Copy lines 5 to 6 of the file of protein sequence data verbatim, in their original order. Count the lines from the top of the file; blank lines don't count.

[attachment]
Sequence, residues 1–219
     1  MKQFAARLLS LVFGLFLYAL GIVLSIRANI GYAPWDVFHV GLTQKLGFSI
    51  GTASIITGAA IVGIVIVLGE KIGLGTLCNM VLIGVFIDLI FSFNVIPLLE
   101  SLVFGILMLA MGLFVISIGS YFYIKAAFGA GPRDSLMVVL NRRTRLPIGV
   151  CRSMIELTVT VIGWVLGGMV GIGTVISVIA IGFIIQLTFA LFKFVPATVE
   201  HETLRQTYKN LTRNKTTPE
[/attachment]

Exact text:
   151  CRSMIELTVT VIGWVLGGMV GIGTVISVIA IGFIIQLTFA LFKFVPATVE
   201  HETLRQTYKN LTRNKTTPE